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Bromma Stockholm Airport now even better at snow removal

2018-03-16, kl. 13:39

Swedavia is one of the best airport operators in the world at removing snow from take-off and landing runways. And rapid advances are being made. At Bromma Stockholm, the snow removal process will now be simplified even further. There will be major benefits to the airport as a result of the digital SNOWTAM message system developed and a new Runway Weather Information System.

Airplane taking off at Bromma Stockholm Airport

“The objective has been to get better timing for the entire flow of the take-off and landing process. We will shorten lead times and have as much of the runway available as possible for those that fly with us while at the same time giving top priority to safety and security,” says Lars-Erik Lidgren, field maintenance manager at Bromma Stockholm.

SNOWTAM is a system for reporting conditions on take-off and landing runways. It is often handled manually by the snow removal team leaders, and depending on who does the reporting, different information is given in a different order.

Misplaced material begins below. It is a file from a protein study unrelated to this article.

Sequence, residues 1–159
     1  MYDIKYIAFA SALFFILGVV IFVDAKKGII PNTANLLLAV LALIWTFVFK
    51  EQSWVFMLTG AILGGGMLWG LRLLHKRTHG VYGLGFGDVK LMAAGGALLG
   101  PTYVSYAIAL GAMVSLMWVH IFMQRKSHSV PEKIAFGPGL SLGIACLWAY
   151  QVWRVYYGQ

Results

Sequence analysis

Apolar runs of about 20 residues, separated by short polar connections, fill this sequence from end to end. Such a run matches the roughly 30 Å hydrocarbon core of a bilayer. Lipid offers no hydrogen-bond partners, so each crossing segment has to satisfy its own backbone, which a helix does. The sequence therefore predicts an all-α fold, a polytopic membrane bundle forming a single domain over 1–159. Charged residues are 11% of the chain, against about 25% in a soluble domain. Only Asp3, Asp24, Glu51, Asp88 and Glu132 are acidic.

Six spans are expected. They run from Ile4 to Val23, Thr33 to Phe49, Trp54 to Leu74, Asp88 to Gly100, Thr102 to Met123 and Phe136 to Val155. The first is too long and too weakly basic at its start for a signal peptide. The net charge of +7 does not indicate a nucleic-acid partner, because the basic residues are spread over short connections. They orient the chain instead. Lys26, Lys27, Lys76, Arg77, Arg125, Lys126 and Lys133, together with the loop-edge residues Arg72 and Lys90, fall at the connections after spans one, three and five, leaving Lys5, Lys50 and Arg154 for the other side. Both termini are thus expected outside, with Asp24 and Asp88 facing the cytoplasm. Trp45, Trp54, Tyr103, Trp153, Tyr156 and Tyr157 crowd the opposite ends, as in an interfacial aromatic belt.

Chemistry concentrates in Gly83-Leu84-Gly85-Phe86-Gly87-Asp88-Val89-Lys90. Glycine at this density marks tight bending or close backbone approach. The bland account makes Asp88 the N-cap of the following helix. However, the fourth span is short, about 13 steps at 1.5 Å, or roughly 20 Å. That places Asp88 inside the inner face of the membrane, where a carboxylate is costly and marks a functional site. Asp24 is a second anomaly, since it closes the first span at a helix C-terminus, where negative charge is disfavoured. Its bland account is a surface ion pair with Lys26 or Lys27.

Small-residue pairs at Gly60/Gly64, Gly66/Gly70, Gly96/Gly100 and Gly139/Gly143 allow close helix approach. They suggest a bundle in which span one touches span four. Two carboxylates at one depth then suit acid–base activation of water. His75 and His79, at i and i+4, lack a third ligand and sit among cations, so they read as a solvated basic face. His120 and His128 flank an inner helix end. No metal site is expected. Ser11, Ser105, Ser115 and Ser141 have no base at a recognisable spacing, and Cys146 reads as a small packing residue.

“With our SNOWTAM system, we made data transfer more efficient, with the click of a button instead of a lot of writing. It also means that we minimise the risk in terms of sources of error,” says Lidgren.

After development of a digital SNOWTAM system, it was time for the next step in the development of more efficient snow removal, which was the introduction of the Swedish Runway Weather Information System (RWIS). Using sensors, the system can measure the freezing point on the runway, what kind of snow it is and how thick the layer is. The project is now four weeks old, with 57 sensors installed on the runway at Bromma Stockholm. It is the first of its size in Sweden and a major step for all of Swedavia.

“RWIS is a bit of a revolution for Swedavia. Along with more efficient access to the take-off and landing runways, there are major economic and environmental benefits. We will save up to 30 per cent on formiate, which is good for the environment and reduces costs,” Lidgren concludes.